On-demand food delivery is no longer a nascent domain. With dozens of startups including more than a few unicorns vying for market space, it is currently one of the most hotly contested markets. And that’s exactly what makes it really interesting. As challenging as it is at the moment, the rewards for victory is equally large. If you are an entrepreneur looking to make your footprint in food delivery, here is your detailed roadmap:
The aggregation model
Most of the earlier startups were born out as restaurant aggregators where they merely acted as a discovery platform for users to browse restaurants and order food while the cooking and logistics were handled by third parties. This model has one major benefit but also a glaring problem. On the plus side, its fairly easy to get started and expand- all you need is to build a restaurant finder app with little capital and leg work involved. On the downside, they have virtually no operational control and thus detached from the customer experience.
On-demand delivery model
Most of the food delivery businesses now operate on this model where not only they control the platform but also the logistics and to some extent even restaurants- often dubbed as “cloud kitchens”. While this model offers absolute operational control, it also demands enormous capital requirements and is tough to expand.
Ultimately it boils down to how deep pockets you have. Given food tech has been a major recipient of venture capital in recent years, finding funds with a strong business plan shouldn’t be a problem. Once you figure out the model, it’s time to zero-in the market and audience you wish to target.
Market & Audience
Once you figure out the model, it’s time to zero-in the market and audience you wish to target and this can’t possibly be overemphasized as the single most important factor that determines the success or failure of any venture. The general wisdom states that you should always find and capture an underserved market before you expand to tackle the competition. Given the proliferation of food delivery app, it might tough to find a nascent market but more on this later.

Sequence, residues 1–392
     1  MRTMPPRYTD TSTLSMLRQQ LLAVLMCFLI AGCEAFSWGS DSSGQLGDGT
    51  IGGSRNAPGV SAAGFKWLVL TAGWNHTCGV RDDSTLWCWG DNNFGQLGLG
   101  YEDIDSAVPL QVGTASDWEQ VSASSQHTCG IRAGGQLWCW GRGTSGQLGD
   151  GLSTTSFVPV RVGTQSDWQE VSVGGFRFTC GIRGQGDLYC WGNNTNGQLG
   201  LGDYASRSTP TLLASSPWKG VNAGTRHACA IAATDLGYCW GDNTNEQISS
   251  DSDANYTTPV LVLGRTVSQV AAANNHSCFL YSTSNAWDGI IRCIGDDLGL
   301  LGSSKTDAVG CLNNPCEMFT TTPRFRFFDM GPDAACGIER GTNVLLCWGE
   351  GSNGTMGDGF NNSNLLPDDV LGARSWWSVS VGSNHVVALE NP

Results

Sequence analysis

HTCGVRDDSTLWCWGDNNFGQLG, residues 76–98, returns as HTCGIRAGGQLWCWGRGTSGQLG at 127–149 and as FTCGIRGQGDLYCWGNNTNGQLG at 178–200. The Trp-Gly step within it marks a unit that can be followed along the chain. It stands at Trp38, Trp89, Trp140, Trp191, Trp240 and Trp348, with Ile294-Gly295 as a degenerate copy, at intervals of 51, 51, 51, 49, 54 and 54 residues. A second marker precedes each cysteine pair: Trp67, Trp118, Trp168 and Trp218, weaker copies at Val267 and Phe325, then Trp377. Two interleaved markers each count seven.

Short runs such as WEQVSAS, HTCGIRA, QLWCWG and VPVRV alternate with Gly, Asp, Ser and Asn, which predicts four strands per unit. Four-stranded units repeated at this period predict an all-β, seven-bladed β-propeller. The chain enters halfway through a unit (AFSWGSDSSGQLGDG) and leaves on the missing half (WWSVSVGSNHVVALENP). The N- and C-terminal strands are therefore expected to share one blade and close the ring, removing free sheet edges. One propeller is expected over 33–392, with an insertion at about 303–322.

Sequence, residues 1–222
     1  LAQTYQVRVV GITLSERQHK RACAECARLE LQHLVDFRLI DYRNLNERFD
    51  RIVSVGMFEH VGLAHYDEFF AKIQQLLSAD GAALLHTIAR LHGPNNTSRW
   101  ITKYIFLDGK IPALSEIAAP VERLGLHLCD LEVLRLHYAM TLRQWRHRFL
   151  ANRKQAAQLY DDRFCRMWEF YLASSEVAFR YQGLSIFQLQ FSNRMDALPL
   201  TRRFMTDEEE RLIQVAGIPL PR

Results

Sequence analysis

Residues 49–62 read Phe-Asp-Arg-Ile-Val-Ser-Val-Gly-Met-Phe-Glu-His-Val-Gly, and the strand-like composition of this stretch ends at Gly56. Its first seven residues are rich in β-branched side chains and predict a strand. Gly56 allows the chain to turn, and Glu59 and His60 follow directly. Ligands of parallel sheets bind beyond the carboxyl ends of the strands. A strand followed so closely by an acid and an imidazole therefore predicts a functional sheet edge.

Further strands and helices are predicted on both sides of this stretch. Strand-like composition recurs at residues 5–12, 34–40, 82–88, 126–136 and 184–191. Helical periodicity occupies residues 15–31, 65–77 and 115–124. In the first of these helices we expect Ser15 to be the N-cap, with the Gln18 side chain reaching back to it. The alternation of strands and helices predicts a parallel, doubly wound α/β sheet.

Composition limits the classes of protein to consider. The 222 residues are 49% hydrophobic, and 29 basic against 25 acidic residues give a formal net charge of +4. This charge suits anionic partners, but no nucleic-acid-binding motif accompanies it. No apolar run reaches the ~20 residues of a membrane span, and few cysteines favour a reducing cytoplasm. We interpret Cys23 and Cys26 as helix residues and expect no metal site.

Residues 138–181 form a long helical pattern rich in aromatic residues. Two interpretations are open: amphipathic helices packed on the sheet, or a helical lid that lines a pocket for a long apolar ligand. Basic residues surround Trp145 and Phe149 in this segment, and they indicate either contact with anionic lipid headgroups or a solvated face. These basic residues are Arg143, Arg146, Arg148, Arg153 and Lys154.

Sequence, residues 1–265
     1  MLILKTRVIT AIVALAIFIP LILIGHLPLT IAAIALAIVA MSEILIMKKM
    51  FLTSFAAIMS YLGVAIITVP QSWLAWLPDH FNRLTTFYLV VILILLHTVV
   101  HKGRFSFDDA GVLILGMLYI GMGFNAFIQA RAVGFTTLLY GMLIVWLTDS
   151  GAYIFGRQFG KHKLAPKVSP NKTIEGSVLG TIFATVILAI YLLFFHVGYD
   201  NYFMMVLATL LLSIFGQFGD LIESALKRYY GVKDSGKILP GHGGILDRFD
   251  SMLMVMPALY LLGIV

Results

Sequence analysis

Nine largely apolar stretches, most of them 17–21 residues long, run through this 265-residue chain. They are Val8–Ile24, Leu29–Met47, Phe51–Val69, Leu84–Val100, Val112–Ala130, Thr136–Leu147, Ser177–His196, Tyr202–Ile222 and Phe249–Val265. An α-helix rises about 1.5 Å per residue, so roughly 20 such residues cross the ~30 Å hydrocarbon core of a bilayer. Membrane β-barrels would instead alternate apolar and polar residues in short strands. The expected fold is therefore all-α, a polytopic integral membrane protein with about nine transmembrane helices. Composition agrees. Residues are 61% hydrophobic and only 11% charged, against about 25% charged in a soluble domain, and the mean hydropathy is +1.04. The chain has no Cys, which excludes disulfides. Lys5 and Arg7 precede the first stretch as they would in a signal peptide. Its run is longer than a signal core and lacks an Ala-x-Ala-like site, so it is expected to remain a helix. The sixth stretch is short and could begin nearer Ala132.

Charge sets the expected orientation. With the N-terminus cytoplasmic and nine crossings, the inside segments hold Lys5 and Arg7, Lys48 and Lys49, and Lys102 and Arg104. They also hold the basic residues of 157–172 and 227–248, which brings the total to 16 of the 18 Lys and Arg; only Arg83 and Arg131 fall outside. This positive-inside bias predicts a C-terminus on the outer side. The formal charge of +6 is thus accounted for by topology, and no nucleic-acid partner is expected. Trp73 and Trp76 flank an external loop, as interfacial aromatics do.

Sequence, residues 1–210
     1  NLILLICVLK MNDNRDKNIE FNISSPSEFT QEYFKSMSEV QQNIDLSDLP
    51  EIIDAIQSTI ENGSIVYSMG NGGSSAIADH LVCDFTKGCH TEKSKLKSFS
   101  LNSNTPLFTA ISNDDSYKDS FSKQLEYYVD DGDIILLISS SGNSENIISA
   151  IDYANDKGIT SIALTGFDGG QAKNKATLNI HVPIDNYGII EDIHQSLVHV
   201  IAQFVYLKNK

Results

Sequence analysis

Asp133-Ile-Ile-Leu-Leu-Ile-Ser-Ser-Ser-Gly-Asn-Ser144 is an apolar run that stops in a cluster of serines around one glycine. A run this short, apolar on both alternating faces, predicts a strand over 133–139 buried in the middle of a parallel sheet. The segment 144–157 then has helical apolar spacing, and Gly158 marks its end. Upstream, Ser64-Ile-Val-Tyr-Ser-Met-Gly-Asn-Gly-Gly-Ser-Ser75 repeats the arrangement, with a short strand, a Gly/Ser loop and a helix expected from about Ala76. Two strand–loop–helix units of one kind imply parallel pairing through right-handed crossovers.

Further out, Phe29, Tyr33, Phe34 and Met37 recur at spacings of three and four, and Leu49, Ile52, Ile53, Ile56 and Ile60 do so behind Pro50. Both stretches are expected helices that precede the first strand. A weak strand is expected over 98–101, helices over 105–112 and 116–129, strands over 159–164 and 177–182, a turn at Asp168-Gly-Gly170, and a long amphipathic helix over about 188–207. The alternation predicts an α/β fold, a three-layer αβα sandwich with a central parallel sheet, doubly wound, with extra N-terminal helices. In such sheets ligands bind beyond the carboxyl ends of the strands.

Along with the market, you must also have a particular domain of audience that you wish to target. It can be professional office goers, college students, health-conscious people, or any
demographic for that matter. Closing in on a particular audience would help you curate your offerings build a brand. Yes, you can always choose to expand your market and audience but this initial focus would offer you an invaluable firm footing.
On a side note, if you struggle to find a nascent market marketing wisdom would suggest you join the most competitive space. While this may sound counterintuitive, but if you manage to sustain your business for a few years even with minor losses, you would have considerable bargaining position when the consolation wave comes.
After you have decided your operational model, market, and audience, it’s time to build your app. Irrespective of your operational model, you must build the best restaurant finder app for that would be your primary interface with customers. You can even bisect this process in two parts:
Features and Interface
With dozens of food delivery apps on the market, there is now little scope for innovation so what you must focus on is the refinement. Building apps like GrubHub would incorporate all the features you might need while working on the improved interface and user experience is where your edge would come from.
Building an app like UberEATS or GrubHub is no small feat and requires ample technical expertise and resources. While you can assemble a team to build your app in-house, a more prudent approach would be hire expert development agencies and outsource all the technical tasks- to help you focus on core business areas like marketing and strategies.